Sherman Fire Rescue to get nearly $1M in new vehicles
A new wave of emergency vehicles may soon hit the roads of Sherman. The city council approved the purchase of three new vehicles for the fire department last week with a combined price of over $987,000.
The new vehicles are among the first major purchases for the city as it enters into the 2020-2021 fiscal year and a new budget cycle. Traditionally, the first few city council meetings in October and November will see waves of purchase requests relating to the new budget.
"It is all the budgeted items that passed through the budgeting process without being cut, which is to say the minority of them," Sherman Community and Support Services Manager Nate Strauch said.
The council approved allocating $274,000 toward the purchase of a new 2020 Frazer Type 1 Ambulance for the first department. This will allow the city to remove another of its ambulances from service and repurpose it for department use.
Sherman Fire-Rescue Chief Danny Jones said the existing ambulance, a 2014 model with about 74,000 miles on it, will be used to replace a vehicle that was used for equipment and trailer transport.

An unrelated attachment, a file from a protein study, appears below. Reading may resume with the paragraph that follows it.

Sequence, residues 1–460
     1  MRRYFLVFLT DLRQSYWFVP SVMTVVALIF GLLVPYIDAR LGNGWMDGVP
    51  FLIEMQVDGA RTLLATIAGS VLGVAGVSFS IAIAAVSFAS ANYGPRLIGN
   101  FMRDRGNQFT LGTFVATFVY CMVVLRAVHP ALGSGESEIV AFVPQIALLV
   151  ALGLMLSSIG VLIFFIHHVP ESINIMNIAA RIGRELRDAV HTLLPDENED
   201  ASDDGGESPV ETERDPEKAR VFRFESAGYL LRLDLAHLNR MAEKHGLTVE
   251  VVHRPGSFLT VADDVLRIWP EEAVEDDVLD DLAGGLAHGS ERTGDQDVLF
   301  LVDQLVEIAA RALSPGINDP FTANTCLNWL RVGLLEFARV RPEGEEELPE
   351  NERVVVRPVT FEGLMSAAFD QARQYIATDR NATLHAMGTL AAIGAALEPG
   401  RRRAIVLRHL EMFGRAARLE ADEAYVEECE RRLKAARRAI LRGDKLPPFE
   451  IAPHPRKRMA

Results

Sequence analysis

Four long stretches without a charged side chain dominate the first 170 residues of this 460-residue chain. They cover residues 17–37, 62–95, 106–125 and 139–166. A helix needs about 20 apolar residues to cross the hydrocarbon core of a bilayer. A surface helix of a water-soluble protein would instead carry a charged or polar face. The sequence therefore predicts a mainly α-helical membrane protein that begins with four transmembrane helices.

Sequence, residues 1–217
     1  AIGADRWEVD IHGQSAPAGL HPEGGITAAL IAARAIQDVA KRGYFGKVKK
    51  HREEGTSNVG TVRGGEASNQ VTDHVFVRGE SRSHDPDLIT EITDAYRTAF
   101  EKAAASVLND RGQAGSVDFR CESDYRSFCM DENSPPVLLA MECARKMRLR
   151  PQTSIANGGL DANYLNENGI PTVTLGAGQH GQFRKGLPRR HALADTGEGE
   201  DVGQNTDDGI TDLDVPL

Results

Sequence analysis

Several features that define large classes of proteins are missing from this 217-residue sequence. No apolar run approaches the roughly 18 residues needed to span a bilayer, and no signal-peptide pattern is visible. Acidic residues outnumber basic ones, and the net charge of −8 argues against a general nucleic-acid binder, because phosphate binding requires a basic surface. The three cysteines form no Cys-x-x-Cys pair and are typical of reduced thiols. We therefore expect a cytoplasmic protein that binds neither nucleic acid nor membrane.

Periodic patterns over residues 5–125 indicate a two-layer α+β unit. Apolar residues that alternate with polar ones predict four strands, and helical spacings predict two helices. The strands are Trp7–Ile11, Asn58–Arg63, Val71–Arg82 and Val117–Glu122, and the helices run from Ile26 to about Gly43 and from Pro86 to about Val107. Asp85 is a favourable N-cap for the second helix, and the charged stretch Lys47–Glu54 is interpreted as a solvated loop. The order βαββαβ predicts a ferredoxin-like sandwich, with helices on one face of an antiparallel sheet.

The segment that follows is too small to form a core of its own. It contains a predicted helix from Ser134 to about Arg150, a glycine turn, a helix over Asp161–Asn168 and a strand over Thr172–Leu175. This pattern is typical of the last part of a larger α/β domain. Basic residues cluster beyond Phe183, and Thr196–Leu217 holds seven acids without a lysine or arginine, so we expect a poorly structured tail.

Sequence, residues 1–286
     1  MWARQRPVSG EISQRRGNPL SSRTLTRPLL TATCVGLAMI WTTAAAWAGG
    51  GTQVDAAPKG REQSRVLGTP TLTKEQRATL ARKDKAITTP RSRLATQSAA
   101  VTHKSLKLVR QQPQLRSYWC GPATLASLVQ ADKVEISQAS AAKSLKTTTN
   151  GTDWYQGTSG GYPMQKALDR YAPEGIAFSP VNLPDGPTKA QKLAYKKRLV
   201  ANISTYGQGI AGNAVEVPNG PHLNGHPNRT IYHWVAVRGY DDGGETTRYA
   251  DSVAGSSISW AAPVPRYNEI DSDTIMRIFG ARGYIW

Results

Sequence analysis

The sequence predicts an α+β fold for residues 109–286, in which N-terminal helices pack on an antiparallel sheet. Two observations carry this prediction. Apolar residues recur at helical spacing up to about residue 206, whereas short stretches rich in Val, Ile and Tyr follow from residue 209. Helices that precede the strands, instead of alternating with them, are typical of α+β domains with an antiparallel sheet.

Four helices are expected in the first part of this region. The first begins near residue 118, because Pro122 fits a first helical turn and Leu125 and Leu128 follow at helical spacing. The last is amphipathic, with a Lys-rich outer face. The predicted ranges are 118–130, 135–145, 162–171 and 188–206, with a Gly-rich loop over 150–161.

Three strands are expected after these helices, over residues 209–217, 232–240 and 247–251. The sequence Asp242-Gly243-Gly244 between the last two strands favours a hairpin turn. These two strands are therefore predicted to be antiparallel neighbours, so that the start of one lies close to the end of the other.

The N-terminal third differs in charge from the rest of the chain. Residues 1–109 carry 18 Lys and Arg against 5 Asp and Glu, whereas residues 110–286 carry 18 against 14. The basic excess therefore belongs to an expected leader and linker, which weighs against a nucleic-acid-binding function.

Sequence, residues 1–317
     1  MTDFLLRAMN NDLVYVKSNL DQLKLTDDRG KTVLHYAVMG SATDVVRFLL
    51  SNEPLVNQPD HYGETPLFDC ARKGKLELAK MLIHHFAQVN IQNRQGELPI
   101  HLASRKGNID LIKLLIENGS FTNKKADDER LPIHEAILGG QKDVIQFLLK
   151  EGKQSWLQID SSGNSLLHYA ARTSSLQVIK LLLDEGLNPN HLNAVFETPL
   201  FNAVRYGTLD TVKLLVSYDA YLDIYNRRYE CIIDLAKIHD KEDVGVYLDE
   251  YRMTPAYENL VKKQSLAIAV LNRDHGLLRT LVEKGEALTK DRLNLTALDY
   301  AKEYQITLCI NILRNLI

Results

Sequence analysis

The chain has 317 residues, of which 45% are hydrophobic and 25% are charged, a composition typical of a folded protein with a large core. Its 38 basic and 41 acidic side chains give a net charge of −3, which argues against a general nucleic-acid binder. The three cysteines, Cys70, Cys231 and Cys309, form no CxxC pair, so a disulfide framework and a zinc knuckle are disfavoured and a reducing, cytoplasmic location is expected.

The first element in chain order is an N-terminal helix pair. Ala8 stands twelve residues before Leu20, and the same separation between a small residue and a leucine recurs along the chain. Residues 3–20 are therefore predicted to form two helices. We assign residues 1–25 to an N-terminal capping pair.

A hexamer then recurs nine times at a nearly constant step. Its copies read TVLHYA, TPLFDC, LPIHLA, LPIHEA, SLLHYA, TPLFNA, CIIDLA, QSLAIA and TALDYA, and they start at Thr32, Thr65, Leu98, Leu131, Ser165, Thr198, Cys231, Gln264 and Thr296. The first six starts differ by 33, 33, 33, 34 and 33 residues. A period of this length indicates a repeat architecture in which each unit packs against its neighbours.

Jones said the department had previously used a retire ambulance chassis for the vehicle and attached a flatbed to it. However, upon use, Jones said the department noticed that the chassis was not heavy-duty enough for this use.
Jones said the department plans to remove the existing flatbed from the vehicle and attach it to the 2014 chassis in house to meet the transportation need.
In other matters, the council also approved a $103,000 request for a new Ford brush truck and related equipment. Unlike the ambulance, this new truck will not be replacing another vehicle and will instead add to the city capacity for fire response.
"This will allow us in peak grassfire seasons to respond to multiple events," Jones said.
In addition to increasing service capacity, Jones said the new truck will also create redundancy in the department and allow it to continue service even when one of the trucks is offline for maintenance.
The largest expense that the council approved in this latest wave of purchases is a new 2021 Spartan pumper truck for the department. This truck will replace a 2006 model that has about 128,000 miles on it.
Despite the relatively low miles on the vehicle, Jones said the truck was at the end of its useful life. Jones said that road miles aren't always the best indicator when one is looking to replace an emergency vehicle, as it doesn't show the full scope of wear. In many cases, a vehicle may be stopped at a fire, but still be in service and use.
"It isn't going up and down the road with the odometer, but it is still a working vehicle," Jones said, noting that a truck may be stationary but pumping for hours at a fire.
However, as a general guideline, most vehicles have a five-year frontline lifespan with an additional 10 years in reserve.